Unearthing New Dimensions of Black “Womanism”: Poetic Resistance and the Journey from Absence to Self-Representation

Mounir Ben Zid


Significant headway has been made in investigating white feminist monolithic strategies and exploring how black females have suffered from patriarchal ideology and stereotyping, and how they were placed in an inferior position and treated as slaves and sexual machines. In research conducted on women of color, however, little attention is paid to black females’ new vision of black “womanism” and its means of struggle. With this in mind, the aim of this study is twofold. First, the goal is to elucidate why black women were victims of white prejudice, despotism, and patriarchal practices. Second, we wish to demonstrate how black females set themselves free from racial ideology and Western hegemony by opting for poetic resistance to achieve hypervisibility, seek their own spirituality, worship their black female deities, restore the joy of their motherhood, and assert their identity. The findings yielded by this research provide support for the key argument that black "womanism" and poetic resistance are the means of self-representation and liberation from Eurocentric, dehumanizing, and exclusionary ideology to repossess one's erased self.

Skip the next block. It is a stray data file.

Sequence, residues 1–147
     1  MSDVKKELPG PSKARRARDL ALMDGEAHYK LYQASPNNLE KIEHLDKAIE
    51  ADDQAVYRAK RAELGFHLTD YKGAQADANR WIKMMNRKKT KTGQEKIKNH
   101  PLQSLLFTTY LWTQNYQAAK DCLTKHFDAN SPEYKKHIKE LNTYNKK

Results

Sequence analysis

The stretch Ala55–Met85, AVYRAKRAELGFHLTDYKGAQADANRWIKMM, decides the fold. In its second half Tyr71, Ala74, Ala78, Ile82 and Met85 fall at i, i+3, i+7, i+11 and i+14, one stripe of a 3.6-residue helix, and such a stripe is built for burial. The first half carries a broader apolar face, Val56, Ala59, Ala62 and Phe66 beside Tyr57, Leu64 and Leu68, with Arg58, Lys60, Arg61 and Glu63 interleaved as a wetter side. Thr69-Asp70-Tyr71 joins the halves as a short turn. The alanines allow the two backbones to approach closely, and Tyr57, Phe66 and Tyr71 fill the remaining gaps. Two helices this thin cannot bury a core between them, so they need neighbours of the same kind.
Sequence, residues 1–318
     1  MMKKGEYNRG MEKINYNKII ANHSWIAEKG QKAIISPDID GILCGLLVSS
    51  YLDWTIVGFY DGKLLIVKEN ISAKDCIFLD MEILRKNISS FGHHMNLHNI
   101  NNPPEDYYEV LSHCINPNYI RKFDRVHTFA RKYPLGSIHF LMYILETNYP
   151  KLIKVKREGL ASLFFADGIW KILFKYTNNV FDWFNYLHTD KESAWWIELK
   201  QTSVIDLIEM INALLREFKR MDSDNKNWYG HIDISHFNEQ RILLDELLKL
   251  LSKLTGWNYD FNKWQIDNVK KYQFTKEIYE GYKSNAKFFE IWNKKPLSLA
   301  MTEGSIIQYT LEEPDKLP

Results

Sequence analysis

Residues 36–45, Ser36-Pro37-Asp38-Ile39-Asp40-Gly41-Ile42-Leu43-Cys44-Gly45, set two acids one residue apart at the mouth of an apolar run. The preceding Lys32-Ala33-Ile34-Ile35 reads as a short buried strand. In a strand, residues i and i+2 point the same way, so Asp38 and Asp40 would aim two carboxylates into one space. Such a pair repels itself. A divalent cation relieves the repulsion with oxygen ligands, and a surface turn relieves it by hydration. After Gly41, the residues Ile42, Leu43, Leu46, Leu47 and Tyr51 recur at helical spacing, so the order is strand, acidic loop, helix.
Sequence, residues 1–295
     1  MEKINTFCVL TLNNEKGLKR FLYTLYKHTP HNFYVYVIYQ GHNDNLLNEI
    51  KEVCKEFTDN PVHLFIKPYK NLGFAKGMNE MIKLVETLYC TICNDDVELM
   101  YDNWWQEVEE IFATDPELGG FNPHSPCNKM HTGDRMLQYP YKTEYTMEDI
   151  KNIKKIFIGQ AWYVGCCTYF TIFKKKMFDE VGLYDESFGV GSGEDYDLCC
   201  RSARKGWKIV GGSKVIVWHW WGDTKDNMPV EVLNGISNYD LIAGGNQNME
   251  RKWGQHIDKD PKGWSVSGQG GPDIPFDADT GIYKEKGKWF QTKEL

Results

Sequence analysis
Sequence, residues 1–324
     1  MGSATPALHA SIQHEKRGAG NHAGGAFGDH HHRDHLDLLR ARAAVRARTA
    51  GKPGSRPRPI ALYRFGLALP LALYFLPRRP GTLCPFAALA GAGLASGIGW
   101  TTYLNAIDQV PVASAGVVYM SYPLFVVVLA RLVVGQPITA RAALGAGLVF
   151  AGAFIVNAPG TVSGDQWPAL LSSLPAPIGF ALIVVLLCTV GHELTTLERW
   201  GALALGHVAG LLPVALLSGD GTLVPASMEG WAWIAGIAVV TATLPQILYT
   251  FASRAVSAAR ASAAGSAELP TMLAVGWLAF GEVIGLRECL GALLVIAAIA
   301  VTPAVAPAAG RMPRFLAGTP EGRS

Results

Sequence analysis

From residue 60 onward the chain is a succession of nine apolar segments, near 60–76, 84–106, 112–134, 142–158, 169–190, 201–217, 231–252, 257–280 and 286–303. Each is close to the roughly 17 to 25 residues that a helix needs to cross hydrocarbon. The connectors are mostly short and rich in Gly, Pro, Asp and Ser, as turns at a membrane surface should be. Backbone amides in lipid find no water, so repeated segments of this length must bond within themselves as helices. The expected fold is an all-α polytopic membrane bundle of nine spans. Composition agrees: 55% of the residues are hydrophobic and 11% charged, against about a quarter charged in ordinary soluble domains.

White Feminism, Black “Womanism”, Poetic Resistance, Visibility, Self-Representation

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DOI: https://doi.org/10.7575/aiac.alls.v.10n.6p.12


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